Conservation Groups Call for Moratorium to Protect Seamounts from Deep Seabed Trawling

Press release - 1 December, 2003
At the opening of a major international conference today on deep sea fisheries, major conservation organizations including IUCN-The World Conservation Organization, the Natural Resources Defense Council (NRDC), the World Wide Fund for Nature (WWF) and Greenpeace called for immediate protection of seamounts, cold water corals and other vulnerable deep sea habitats from damaging deep seabed trawling.

Concern for high seas biodiversity and the sustainability of deep sea fisheries has been growing in recent years as scientists and conservationists have begun to learn more about vulnerable deep sea environments. Recent scientific exploration of seamounts and cold water coral reefs indicate that they can be hotspots of marine biodiversity. As many as fifty percent of the species observed during recent seamount cruises have been new to science, representing unique species of which little is known. Deep-sea species such as corals and sponges typically are slow-growing and long-lived, which makes them particularly sensitive to disturbance. Fish inhabiting these deep sea ecosystems can live for up to 150 years and sometimes reach reproductive maturity at 30 years of age, characteristics making them especially vulnerable to overfishing. A WWF report released last week concluded that overfishing of deep sea Orange Roughy has led to severe stock declines all around the world, accompanied by dramatic impacts on deep sea ecosystems.

Seabed trawling is the primary threat to deep sea environments, due to the destructive nature of the technique. The nets completely destroy bottom habitats like cold water coral reefs - some of which are thousands of years old - in a single trawl. A preliminary study commissioned by IUCN, NRDC, WWF, and Conservation International has found that high seas bottom trawling is limited to a small number of vessels and countries and the amount and value of the catch is less than 1% of global marine capture fisheries production. Moreover, the assessment found that bottom trawling on the high seas is almost completely unregulated. Only a handful of international Regional Fisheries Management Organizations (RFMOs) have authority to regulate bottom fishing, and few if any have restricted the practice to protect sensitive ecosystems.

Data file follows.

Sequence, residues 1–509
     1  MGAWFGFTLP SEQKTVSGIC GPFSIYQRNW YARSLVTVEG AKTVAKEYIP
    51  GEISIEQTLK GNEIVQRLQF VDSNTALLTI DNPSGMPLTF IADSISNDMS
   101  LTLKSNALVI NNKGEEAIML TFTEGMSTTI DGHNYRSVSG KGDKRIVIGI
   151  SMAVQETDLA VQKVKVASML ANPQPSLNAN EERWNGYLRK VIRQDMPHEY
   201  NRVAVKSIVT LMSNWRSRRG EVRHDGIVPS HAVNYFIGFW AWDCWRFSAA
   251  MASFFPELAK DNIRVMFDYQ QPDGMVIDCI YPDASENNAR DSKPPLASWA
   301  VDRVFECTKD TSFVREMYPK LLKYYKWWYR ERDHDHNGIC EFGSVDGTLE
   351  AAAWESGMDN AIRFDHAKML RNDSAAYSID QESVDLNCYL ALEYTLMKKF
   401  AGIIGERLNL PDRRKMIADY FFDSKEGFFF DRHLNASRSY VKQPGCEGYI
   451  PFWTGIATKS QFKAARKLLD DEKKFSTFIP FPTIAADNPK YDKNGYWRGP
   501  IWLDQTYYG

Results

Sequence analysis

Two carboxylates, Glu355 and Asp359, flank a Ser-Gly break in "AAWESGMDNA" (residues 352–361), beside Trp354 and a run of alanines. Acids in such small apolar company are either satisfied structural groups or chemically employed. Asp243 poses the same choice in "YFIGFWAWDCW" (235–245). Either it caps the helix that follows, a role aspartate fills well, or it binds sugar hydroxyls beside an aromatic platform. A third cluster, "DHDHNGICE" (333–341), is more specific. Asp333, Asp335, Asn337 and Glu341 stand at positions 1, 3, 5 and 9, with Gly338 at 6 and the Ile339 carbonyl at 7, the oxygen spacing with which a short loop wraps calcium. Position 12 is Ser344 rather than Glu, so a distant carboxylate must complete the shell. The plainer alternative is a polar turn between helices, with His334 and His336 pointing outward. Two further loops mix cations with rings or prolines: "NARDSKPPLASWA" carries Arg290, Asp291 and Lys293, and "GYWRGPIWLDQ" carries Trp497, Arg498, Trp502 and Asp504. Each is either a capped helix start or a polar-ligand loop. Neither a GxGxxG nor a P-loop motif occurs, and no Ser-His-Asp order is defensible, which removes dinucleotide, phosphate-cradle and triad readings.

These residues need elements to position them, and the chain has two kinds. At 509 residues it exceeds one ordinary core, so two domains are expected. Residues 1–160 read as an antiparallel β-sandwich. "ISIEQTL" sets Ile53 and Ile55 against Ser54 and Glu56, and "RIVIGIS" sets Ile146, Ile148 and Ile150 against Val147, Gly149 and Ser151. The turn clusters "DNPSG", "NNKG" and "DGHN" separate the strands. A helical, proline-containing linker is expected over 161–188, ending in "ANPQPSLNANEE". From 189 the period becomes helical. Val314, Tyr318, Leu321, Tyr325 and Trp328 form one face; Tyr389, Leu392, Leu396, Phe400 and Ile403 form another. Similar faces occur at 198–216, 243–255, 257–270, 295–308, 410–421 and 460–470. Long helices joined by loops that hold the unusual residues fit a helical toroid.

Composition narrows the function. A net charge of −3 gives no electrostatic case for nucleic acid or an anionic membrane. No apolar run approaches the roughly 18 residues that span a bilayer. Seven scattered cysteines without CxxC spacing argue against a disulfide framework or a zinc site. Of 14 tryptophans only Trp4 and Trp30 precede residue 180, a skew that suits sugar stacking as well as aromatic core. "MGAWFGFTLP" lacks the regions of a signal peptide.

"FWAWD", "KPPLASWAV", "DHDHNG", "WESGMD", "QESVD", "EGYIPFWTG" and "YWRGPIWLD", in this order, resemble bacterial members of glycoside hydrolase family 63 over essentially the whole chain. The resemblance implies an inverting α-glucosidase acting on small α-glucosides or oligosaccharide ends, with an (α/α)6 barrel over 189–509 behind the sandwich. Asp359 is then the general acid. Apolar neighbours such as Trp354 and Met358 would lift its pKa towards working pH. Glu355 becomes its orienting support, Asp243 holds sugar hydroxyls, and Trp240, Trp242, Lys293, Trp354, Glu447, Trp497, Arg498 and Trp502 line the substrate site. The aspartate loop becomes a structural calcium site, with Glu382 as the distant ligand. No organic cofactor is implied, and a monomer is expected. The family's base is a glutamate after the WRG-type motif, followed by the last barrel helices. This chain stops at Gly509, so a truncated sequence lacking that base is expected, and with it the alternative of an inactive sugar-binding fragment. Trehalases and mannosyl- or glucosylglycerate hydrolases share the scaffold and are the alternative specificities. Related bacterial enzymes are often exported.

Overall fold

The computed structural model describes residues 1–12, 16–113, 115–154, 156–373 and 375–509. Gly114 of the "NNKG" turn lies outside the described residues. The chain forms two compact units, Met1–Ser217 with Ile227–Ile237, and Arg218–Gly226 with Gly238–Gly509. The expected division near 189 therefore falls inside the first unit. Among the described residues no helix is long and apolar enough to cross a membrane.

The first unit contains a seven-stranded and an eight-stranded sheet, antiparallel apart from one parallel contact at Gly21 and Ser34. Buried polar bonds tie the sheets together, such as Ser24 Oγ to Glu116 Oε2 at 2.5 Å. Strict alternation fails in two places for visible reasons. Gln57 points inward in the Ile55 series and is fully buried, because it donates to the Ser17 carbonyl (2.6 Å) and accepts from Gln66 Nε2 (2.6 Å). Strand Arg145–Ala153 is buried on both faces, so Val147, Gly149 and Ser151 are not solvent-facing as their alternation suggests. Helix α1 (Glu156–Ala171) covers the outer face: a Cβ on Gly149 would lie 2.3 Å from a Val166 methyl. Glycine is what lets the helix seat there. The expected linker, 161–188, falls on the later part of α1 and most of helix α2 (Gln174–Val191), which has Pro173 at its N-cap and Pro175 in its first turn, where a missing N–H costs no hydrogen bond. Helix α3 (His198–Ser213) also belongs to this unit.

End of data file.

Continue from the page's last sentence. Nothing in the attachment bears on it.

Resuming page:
Earlier this year at both the Tenth Deep-Sea Biology Symposium in Coos Bay, Oregon in August, and the Second International Symposium on Deep Sea Corals in Erlangen, Germany in September, more than 100 scientists signed a Statement of Concern to the United Nations General Assembly regarding the risks to seamounts, cold-water corals and other vulnerable ecosystems of the deep sea. Among other recommendations, they urged the UN General Assembly to adopt an immediate moratorium on bottom trawl fishing on the high seas.

"Seamounts, deep sea corals and other deep ocean features represent a treasure trove of biodiversity that belongs to all nations," said Lisa Speer, Senior Policy Analyst with the New York based Natural Resources Defense Council. "International action to protect them from the devastating impacts of bottom trawling is urgently needed."

"Bottom trawling for orange roughy on seamounts around the world has decimated Orange Roughy populations," said Simon Cripps, director of WWF's Endangered Seas Programme. "If we don't take immediate measures to regulate and better manage the fisheries, Orange roughy will become commercially extinct."

"The fact that bottom trawl fisheries on the high seas are largely unregulated represents an important gap in the governance of the world's oceans, said Kristina Gjerde, high seas policy advisor to IUCN's Global Marine Programme." A moratorium on high seas bottom trawling to protect seamounts and other vulnerable habitats would provide time to develop an enforceable legal regime".

"It appears that high seas bottom trawl fishing constitutes at present only about 0.2 percent of global marine fisheries capture production, and approximately 0.5% of the estimated value of the global marine fish catch in 2001" said Matthew Gianni, independent consultant and author of the WWF, NRDC, IUCN and CI-commissioned report on High Seas Bottom Fisheries. "A moratorium on high seas bottom trawling would not have a widespread economic impact nor significantly affect fish supplies, prices or food security."

"The deep sea is rapidly being plundered," said, Carmen Gravatt. Oceans Campaigner for Greenpeace in New Zealand. "The shift towards deep sea fish is only another attempt to temporarily escape the global depletion of fish stocks. The last unknown wilderness should not be sacrificed for short term economic profit."

Notes: opies of the report: "High Seas Bottom Fisheries and their Impact on the Biodiversity of Vulnerable Deep Sea Ecosystems: Preliminary Findings" by Matthew Gianni is available at www.iucn.org/marine/themes. Further information on the issue can be found at www.panda.org; www.nrdc.org; and www.greenpeace.org.Copies of the WWF Report, Managing Risk and Uncertainty in Deep Sea Fisheries: lessons from Orange Roughy can be downloaded at http://www.panda.org./downloads/marine/OrangeR0.pdf.

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